“We need to buy more carrots at the Embassy,” Munchkin exclaimed after fishing the last of the thinly shredded orange vegetables out of S’s salad bowl, tilting his head back, and swallowing them with relish. Wrong venue, but how many two-and-a-half-year-olds have the word “embassy” in their vocabulary?
Now that our little man has become a big chatterbox, we have come to the realization (somewhat belatedly) that we should keep track of the funny things he says. For years, D’s mom would recall how he said, “tim-pam-pura” for температура (“temperature” in Russian), and even found an old piece of notepaper recently with scribbles of D’s amusing early expressions, which she scanned and emailed to us. The one word S recalls mispronouncing is “yellow,” which she called “well-oh” for the longest time, but she’s sure her mom kept at least a mental list as well.
This exercise is not entirely fair to Munchkin because he is simultaneously learning two languages at once. He butchers pretty much all new Russian words, and even after repeating them many times takes ages to incorporate new Russian vocabulary. By contrast, he is much more adept at English, and frequently surprises us with new words we had no idea he had absorbed.
“Oh shit!” he squealed one morning after dropping one of his Lego cars, “Oh shit!” he repeated, producing a fair imitation of S’s favorite expression of exasperation both in voice and facial features. He was bound to pick that one up sooner or later. “Hold on a second, let me get it,” he replied when asked about the toy zebra for which we had looked in vain, surprising us both with the complexity of his sentence construction and the zebra’s hiding place inside one of our rolling suitcases.
One of the great things about the six months Munchkin spent in daycare was that he learned a ton of songs, with which he now regales us multiple times a day. Not only does he sing himself to sleep, but he also improvises, intermingling songs or simply making up new lyrics while keeping the same tune. “The bananas on the bus go ‘open and shut,” for example, which he followed with “The dinos on the bus go ‘dino, dino, dino.’” The latter is a testament to his recently acquired fascination with dinosaurs, which has culminated in his oft repeated and rather cryptic expression, “He has a dino on.”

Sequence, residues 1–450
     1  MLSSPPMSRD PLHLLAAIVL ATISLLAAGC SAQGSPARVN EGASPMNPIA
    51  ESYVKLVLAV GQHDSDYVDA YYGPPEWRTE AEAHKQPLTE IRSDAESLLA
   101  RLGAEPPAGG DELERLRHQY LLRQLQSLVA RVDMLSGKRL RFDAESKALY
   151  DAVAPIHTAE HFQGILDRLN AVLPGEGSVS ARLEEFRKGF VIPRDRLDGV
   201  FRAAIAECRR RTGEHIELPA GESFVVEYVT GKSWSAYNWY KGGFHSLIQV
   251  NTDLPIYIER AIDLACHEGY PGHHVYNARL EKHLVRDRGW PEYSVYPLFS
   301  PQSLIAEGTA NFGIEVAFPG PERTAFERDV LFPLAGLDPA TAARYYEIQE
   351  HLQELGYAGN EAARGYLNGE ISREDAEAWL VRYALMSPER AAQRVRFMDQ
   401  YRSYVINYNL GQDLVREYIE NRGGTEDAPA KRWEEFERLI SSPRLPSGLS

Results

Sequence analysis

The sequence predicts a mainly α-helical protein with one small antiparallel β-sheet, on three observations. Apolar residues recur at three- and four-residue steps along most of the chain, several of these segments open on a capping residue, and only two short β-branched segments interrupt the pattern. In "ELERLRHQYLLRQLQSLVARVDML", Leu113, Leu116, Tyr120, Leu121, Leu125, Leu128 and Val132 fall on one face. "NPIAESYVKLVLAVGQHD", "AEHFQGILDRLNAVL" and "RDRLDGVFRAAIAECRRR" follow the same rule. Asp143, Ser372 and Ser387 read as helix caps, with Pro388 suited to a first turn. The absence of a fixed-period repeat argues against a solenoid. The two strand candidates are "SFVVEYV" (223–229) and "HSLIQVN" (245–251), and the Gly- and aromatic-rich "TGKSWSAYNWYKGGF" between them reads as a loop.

Not infrequently Munchkin will reinterpret our words, substituting whole phrases that have remarkable internal logic even if they are completely out of context with regards to the conversation at hand. When D brought home a carved wooden figurine of a hunter, for example, Munchkin asked to see it. S told him that the man hunted animals for food. “He eating meat,” Munchkin said. “Yes,” S affirmed, “see his spear? He is hunting animals.” – “He is honking the ambulance,” Munchkin replied.
Some words in Munchkin’s vocabulary have experienced an evolution, going through several mispronunciations. He used to say “com-poo-ee” for “computer,” for instance, but now he calls it “pi-qui-you,” which is actually a bit farther off the mark than his original attempt. Similarly, he has gone through a handful of variations on “elephant,” both in English and Russian.
Our favorite new word of his is “moogies.” Munchkin had fallen in love with S’s childhood toy guitar when we visited her parents in Maine, so S’s mom mailed it to us to encourage his love of music to grow. As a result, every evening Munchkin bangs on the guitar’s multi-colored buttons while commanding us, “Mama dance, papa dance! I wanna play moogies.”